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the beginning of the literary epoch. It was altogether necessary to get at the real origin in each country of the literature that may justly be con. sidered to represent this century; and for the purpose an excursion had to be made back into the preceding hundred years. Another point was the treatment of living writers. It seemed best in this case to detail only a few who have undoubtedly won their spurs. This is really all that could be done, because the long roll of illustrious names in the past precludes any general consideration of the present, which, also, is still obscured by the dust of critical controversy-a dust which rises above the literary movement of the past thirty years.
As regards arrangement, the chief stress, naturally, has been laid on English literature. Herein the grouping which appeared most graphic and comprehensive was: Poetry—The Novel-History-Philosophy and Criticism-English in America. The treatment of Philosophy, necessary enough, amounts to little more than a note. A chapter on Periodicals was thought in place. The last division was made in order to present a concrete idea of what has been done on this side of the world. The na. tional literatures have been kept separate; it is thankless and uncertain to institute national comparisons. Germany and France have received three chapters each. This is, of course, small measure, but it is hoped that so brief a compass has not led to the omission of any essential facts. Italy and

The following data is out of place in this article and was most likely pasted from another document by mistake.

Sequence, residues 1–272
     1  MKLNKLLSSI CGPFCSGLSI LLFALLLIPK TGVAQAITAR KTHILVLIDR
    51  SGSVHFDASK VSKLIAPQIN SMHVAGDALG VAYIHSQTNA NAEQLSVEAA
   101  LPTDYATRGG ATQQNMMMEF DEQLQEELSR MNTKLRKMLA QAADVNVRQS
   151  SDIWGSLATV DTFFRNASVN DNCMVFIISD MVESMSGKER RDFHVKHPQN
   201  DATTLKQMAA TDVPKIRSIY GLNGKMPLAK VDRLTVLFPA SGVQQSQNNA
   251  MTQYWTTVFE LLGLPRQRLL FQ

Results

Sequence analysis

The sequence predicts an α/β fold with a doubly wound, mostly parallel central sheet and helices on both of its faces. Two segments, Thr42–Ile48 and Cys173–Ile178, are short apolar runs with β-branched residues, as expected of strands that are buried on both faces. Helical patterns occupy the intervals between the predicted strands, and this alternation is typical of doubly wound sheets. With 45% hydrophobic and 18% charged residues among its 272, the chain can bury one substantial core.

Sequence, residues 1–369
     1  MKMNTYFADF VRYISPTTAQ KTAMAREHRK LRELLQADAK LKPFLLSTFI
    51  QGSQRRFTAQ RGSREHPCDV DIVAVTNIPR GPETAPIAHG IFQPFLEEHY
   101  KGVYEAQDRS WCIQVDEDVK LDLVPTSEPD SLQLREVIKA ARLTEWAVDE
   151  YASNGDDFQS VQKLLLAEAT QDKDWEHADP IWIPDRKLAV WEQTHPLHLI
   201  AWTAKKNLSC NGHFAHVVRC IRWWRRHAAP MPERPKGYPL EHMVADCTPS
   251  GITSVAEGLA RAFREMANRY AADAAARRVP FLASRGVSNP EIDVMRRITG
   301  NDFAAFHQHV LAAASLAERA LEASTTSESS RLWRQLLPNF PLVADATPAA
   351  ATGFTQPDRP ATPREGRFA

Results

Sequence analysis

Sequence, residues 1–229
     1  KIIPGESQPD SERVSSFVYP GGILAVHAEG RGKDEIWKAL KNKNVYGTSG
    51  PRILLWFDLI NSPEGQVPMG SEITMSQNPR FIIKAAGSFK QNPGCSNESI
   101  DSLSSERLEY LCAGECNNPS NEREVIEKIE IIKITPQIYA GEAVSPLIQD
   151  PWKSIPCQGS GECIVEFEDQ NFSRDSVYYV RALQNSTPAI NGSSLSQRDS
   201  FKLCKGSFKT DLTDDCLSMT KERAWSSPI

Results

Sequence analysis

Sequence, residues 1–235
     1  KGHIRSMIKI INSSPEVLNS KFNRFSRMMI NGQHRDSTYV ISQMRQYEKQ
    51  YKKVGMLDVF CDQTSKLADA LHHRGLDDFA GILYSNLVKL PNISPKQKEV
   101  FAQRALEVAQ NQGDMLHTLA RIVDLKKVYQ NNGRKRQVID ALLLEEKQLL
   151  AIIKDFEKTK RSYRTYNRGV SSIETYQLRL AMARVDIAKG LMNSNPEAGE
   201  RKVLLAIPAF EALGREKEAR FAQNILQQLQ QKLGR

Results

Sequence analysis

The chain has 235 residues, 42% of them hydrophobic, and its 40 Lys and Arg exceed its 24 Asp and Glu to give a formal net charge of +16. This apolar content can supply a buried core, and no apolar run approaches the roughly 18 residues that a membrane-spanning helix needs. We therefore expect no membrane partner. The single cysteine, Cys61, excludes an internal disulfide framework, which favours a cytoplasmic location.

Spain seemed to demand, proportionately, but one chapter between them. The strange rise and evident promise of Russia set apart for her a larger section. Other literatures have been excluded.
With so many names under consideration, it was difficult to prevent in places a touch of the catalogue element. In a single book something of the kind was unavoidable. On the other hand, if Goethe and Schiller are treated at exceptional length, it must be remembered that they occupy a very exceptional position-one that obtains in no other literature. The value of quotations is considerable in any compilation of this nature; those in the Second Part, while necessarily falling short of the originals, afford a good criterion.
The following firms have courteously extended the privilege of using copyrighted matter: Messrs. D. Appleton & Co.; Messrs. Harper and Brothers; and the International Society, publishers of the "Library of the World's Best Literature.”
I have endeavored to make this survey readable and adequate—a worthy member of the Nineteenth Century Series. For failings—not for low aim-I must ask indulgence.
A. B. DE MILLE.
KING'S COLLEGE, WINDSOR, N. S.